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Hereditary haemochromatosis 

Hereditary haemochromatosis
Hereditary haemochromatosis

William J. H. Griffiths

and T. M. Cox



Genetics and molecular biology – description of pathways that influence hepcidin synthesis within hepatocytes, with implications for novel molecular therapies.

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date: 19 September 2021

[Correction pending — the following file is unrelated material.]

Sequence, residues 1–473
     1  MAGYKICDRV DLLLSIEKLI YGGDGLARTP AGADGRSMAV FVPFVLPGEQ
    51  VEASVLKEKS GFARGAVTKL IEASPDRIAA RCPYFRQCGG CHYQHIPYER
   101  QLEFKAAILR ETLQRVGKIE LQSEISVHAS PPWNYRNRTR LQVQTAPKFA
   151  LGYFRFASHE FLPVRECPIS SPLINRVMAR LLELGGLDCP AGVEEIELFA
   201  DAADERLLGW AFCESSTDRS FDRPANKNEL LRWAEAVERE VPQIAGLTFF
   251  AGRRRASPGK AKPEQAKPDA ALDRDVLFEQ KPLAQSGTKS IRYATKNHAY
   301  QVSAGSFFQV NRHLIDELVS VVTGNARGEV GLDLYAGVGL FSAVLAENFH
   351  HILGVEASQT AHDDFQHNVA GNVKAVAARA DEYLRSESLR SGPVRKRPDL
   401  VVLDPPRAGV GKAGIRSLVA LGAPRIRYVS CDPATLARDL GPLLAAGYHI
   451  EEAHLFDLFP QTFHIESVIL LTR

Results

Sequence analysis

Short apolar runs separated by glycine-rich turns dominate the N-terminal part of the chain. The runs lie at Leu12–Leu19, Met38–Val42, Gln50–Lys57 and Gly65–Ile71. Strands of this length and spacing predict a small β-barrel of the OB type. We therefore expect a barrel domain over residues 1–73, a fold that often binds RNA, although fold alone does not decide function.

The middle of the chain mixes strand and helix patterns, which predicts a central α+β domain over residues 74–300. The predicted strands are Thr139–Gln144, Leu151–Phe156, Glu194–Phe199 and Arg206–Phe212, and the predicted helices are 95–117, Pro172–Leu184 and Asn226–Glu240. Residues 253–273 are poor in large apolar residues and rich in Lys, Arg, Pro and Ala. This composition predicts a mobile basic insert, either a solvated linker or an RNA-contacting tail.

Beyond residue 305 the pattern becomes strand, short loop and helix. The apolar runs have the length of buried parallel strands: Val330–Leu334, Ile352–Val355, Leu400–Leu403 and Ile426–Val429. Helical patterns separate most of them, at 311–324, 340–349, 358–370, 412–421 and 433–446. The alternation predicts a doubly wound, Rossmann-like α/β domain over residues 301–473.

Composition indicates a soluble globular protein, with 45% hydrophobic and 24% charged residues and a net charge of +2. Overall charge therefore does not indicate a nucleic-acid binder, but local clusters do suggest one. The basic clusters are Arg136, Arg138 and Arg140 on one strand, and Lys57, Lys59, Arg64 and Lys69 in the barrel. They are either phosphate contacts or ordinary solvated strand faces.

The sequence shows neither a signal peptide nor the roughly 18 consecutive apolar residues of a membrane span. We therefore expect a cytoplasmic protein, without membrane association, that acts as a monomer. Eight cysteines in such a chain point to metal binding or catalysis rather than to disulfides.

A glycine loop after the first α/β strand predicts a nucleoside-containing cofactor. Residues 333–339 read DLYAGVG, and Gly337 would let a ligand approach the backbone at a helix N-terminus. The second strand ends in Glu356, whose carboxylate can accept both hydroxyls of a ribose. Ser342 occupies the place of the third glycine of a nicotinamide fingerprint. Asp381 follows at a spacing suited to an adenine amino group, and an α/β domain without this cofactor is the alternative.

Haemochromatosis is a hereditary disorder generally caused by inappropriate absorption of iron by the small intestine which leads to iron deposition in the viscera, endocrine organs, and other sites, causing structural injury and impaired function. The most common form is classical adult haemochromatosis, but juvenile and neonatal forms are recognized, and several other genetic syndromes associated with iron storage have been identified; these may rarely involve specific tissues selectively, such as the lens of the eye or basal ganglia of the brain, or a characteristic range of tissues including the liver, heart, and endocrine system. Early-onset (juvenile) haemochromatosis has a predilection for the heart, pituitary gonadotrophs and the pancreatic islet—thus myocardial disease (which may be fatal if untreated), hypogonadism and diabetes mellitus are prominent features. Prompt diagnosis and depletion of tissue iron by chelating agents—and venesection where possible—may be life-saving. Unravelling the molecular genetics of haemochromatosis is underpinning promising new therapies for disorders of iron homeostasis....

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